Analysis of Studies:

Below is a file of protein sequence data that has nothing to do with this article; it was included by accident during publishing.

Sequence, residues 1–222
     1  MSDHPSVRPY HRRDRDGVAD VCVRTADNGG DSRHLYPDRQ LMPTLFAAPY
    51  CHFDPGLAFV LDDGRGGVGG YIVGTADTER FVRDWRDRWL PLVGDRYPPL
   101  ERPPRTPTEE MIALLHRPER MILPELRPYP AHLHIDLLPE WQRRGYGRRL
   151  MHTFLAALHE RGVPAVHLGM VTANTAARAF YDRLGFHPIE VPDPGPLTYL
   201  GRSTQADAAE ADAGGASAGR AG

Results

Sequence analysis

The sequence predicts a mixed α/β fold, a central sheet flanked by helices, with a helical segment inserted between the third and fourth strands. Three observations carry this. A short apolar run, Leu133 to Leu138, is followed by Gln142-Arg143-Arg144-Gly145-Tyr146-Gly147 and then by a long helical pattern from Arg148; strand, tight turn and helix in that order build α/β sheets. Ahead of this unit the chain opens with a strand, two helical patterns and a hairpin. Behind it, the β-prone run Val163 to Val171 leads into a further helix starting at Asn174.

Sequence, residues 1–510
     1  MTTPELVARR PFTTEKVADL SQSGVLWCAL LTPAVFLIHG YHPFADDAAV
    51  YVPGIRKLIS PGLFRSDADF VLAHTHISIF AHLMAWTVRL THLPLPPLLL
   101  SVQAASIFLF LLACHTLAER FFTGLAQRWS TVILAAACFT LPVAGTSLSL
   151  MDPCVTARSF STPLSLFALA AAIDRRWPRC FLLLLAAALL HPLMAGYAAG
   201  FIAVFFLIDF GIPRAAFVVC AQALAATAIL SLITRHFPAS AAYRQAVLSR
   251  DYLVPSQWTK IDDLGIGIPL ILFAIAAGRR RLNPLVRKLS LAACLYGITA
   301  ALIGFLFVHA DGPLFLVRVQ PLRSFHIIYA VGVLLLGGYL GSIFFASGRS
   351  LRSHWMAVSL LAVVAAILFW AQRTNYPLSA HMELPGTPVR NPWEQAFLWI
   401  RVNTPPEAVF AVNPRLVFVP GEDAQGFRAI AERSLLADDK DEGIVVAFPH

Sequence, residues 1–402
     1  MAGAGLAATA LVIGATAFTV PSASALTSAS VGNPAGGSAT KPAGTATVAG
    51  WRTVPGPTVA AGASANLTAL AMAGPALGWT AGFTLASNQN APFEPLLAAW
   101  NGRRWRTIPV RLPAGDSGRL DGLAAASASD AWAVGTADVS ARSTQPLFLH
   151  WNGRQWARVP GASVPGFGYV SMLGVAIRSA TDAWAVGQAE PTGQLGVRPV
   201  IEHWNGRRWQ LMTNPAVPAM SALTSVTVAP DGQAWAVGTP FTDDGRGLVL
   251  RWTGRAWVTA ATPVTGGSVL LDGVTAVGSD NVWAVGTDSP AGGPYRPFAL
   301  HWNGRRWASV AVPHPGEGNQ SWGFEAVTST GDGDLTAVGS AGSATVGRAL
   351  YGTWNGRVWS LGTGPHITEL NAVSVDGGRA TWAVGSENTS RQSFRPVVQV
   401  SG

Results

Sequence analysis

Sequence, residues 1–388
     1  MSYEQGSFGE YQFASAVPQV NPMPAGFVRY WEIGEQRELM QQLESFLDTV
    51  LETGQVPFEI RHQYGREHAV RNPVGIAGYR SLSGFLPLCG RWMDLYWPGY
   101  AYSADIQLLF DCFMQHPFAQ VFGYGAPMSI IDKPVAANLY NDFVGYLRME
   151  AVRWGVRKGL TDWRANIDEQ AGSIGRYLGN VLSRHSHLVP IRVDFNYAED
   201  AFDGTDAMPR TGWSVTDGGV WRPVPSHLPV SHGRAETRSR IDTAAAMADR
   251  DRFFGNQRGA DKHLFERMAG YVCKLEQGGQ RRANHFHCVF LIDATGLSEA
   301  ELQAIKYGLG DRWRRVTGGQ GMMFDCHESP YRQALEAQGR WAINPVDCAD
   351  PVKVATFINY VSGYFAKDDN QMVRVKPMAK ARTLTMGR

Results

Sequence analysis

In a study titled Breast Cancer Among Young U.S. Women in Relation to Oral Contraceptive Use (White et al., 1994), researchers conducted a case-control study on a cohort of women aged 21 to 45. This study sought to determine the association of OC use with breast cancer prevalence in a group of women who had had a lifetime availability of contraceptives. The case group consisted of 747 women with diagnosed breast cancer, while the control group was composed of 961 women without cancer. The study sought to determine the case group's risk factor exposure in comparison to that of the control's. The experiment concluded that "long-term OC use among young women or use beginning near menarche may be associated with a small excess breast cancer risk, possibly due to the susceptibility to genetic damage in breast epithelial cells at ages of high breast cell proliferative activity"(White et al., 1994). The increased odds risk for long term usage (more than ten years) was found to be 1.3. Those who had used OCs for only a short period of time (less than one year) were found to have an odds ratio of 1.0. This odds ratio closely coincides to that of those individuals who had never used OCs.